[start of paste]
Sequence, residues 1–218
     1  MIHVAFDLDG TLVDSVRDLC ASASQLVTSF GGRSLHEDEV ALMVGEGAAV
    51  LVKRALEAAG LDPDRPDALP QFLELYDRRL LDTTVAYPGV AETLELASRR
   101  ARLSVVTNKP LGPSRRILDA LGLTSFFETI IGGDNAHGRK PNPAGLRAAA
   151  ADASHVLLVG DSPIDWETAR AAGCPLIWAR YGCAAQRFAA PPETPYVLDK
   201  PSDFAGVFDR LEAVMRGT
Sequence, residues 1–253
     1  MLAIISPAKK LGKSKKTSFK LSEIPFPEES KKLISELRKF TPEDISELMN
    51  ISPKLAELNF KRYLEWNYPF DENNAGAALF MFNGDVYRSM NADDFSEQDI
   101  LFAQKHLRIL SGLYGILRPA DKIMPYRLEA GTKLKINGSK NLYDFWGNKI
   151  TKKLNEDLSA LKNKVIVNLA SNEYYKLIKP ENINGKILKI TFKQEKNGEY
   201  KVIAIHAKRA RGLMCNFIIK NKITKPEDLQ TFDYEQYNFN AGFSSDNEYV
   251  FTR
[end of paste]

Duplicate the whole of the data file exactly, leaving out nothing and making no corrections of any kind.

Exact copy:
Sequence, residues 1–218
     1  MIHVAFDLDG TLVDSVRDLC ASASQLVTSF GGRSLHEDEV ALMVGEGAAV
    51  LVKRALEAAG LDPDRPDALP QFLELYDRRL LDTTVAYPGV AETLELASRR
   101  ARLSVVTNKP LGPSRRILDA LGLTSFFETI IGGDNAHGRK PNPAGLRAAA
   151  ADASHVLLVG DSPIDWETAR AAGCPLIWAR YGCAAQRFAA PPETPYVLDK
   201  PSDFAGVFDR LEAVMRGT
Sequence, residues 1–253
     1  MLAIISPAKK LGKSKKTSFK LSEIPFPEES KKLISELRKF TPEDISELMN
    51  ISPKLAELNF KRYLEWNYPF DENNAGAALF MFNGDVYRSM NADDFSEQDI
   101  LFAQKHLRIL SGLYGILRPA DKIMPYRLEA GTKLKINGSK NLYDFWGNKI
   151  TKKLNEDLSA LKNKVIVNLA SNEYYKLIKP ENINGKILKI TFKQEKNGEY
   201  KVIAIHAKRA RGLMCNFIIK NKITKPEDLQ TFDYEQYNFN AGFSSDNEYV
   251  FTR